Former POW highlights hospital foundation gala

Charlie Plumb, a retired naval aviator, compares life's problems to his time as a prisoner.

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WALLA WALLA - The Walla Walla General Hospital Foundation will host its annual fundraising gala Nov. 13 at the Marcus Whitman Hotel & Conference Center .

This year's featured speaker is Charlie Plumb, a decorated naval aviator and former prisoner of war.

Plumb, who retired a captain, was shot down on his 75th mission over Vietnam. He parachuted into enemy hands and spent nearly six years in prison camps.

After being repatriated in 1973, Plumb was awarded the Silver Star, two Purple Hearts, the Bronze Star, the Legion of Merit and POW medals.

Instrumental in starting the flight school now known as Top Gun, Plumb continues to be a consultant for the Navy.

The evening will also have a live auction with Gale Crosby of Portland.

Proceeds from the event will be used to support the "Enhancing the Healing Environment" campaign to completely remodel patient rooms in the medical and surgical unit of the hospital.

It's the first push in 30 years to build a capital campaign such as this, noted John Cress, WWGH Foundation director.

From floor to ceiling, patient rooms are being expanded and modernized for the first time since the facility opened in its current location in 1977, he said. Those rooms were modest but accomplished the standard of the day - private and with a view of green space, he said. "Fitting with the era."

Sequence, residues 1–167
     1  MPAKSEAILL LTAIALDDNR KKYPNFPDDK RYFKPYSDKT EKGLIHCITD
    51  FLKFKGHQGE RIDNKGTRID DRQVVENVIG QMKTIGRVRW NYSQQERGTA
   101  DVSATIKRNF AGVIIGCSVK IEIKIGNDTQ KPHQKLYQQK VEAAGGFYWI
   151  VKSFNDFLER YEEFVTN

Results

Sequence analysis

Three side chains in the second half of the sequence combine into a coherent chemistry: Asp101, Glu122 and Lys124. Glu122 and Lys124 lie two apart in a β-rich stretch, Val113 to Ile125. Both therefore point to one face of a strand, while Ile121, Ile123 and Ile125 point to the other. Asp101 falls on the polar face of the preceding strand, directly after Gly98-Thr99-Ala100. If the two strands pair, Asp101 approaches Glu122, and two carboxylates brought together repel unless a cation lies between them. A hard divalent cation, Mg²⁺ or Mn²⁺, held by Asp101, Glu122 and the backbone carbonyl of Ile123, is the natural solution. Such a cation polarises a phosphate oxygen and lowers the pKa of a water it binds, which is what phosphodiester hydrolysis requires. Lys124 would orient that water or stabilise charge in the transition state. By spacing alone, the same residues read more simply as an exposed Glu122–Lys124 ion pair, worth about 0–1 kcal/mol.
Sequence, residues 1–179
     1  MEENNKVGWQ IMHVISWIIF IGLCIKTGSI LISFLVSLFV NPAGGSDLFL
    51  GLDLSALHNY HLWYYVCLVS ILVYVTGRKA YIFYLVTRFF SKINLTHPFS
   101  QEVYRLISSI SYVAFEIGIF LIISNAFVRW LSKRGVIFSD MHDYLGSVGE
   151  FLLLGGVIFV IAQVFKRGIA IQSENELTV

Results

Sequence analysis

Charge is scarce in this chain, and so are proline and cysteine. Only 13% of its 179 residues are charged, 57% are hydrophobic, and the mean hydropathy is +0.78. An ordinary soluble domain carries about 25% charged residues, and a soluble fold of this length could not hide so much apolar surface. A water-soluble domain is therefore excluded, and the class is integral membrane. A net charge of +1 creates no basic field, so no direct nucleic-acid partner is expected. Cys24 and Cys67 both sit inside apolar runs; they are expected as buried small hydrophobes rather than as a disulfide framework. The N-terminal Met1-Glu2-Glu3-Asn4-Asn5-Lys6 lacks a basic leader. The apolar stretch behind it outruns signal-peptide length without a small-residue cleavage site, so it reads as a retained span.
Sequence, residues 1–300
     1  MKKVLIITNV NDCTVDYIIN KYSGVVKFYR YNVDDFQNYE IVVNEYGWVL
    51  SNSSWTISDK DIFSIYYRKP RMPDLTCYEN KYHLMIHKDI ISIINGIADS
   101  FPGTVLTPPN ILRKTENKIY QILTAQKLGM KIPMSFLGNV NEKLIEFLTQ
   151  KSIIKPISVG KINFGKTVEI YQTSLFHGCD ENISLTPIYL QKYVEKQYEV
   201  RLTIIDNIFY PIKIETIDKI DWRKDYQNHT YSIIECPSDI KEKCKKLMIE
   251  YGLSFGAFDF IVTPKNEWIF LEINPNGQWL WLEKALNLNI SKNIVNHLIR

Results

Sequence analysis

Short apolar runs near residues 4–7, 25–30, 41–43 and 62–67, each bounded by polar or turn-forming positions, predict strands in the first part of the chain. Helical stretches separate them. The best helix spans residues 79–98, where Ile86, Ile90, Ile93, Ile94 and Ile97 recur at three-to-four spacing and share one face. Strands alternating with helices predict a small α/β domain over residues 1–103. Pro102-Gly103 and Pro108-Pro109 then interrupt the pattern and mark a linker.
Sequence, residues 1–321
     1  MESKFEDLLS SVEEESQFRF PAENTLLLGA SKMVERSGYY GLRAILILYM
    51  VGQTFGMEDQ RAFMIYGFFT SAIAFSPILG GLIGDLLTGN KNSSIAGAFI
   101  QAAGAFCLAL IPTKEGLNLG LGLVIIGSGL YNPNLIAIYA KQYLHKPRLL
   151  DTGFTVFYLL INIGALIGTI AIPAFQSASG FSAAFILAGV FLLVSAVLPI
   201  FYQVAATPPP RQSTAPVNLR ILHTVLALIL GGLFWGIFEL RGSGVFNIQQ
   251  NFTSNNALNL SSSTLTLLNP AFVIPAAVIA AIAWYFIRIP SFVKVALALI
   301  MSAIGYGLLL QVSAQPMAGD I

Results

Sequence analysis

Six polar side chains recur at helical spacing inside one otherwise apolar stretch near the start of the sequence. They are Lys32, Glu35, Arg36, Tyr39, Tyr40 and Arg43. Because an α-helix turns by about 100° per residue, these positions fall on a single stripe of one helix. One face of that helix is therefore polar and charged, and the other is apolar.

Today's medicine means more equipment and patient room size will increase about 50 percent, with no reduction in overall capacity, Cress said. "We're working very hard and it's exciting to roll things out."

He's impressed with the work WWGH is doing, Plumb said from his Southern California home. "I'm proud to support this. It's a great thing for the community."

The message he will bring in his presentation is one of balance, the noted author and speaker said. Using juxtaposition, he'll compare the problems besetting families today with his six years in prison.

The isolation and loneliness he underwent is mirrored today as people struggle with employment and financial pressures, Plumb said. "You can be just as much in prison in your own mind."

He understands how it feels when life makes a U-turn. "I was flying high, flying Navy jets … In 90 seconds my world collapsed. It's not unlike being diagnosed with cancer or someone's spouse tells them they want a divorce."

Adversity, however, "is a terrible thing to waste," Plumb pointed out. "There is some advantages to going through these tough times, there really is a gift inside. I think I am living proof.

"You can emerge from your prison or your challenge a better person with a renewed spirit."

Sheila Hagar can be reached at sheilahagar@wwub.com or 526-8322.

If you go

Tickets for the gala are $80. For more information or to purchase tickets, go to www.wwgh.com/gala or call 509-527-8303.

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